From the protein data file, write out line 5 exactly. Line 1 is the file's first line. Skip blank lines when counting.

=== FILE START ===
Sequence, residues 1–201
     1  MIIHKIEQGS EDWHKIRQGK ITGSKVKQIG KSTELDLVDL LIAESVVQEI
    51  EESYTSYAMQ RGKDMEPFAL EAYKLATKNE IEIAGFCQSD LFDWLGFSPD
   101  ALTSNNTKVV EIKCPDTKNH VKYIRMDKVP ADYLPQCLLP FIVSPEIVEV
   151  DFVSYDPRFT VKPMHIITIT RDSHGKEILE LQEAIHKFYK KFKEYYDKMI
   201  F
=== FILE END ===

   151  DFVSYDPRFT VKPMHIITIT RDSHGKEILE LQEAIHKFYK KFKEYYDKMI